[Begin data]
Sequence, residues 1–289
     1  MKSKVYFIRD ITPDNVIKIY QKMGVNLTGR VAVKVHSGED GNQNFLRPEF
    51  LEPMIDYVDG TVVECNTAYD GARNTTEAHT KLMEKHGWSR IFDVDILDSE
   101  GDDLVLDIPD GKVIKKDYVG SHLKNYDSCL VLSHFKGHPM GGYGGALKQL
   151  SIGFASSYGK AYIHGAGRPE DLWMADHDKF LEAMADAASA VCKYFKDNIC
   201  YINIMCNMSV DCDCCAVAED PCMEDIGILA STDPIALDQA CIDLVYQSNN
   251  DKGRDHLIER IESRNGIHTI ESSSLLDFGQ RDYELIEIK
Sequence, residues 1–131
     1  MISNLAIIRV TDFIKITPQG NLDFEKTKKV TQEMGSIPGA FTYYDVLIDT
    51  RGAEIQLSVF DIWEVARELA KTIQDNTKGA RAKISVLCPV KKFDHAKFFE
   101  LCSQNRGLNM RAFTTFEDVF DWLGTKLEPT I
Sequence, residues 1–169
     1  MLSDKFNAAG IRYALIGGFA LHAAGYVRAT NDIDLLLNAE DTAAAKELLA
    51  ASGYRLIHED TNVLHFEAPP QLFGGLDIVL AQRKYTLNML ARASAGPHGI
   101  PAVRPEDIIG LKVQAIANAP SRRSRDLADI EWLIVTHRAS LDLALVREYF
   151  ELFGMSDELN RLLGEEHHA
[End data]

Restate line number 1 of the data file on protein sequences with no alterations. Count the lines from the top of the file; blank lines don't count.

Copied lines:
Sequence, residues 1–289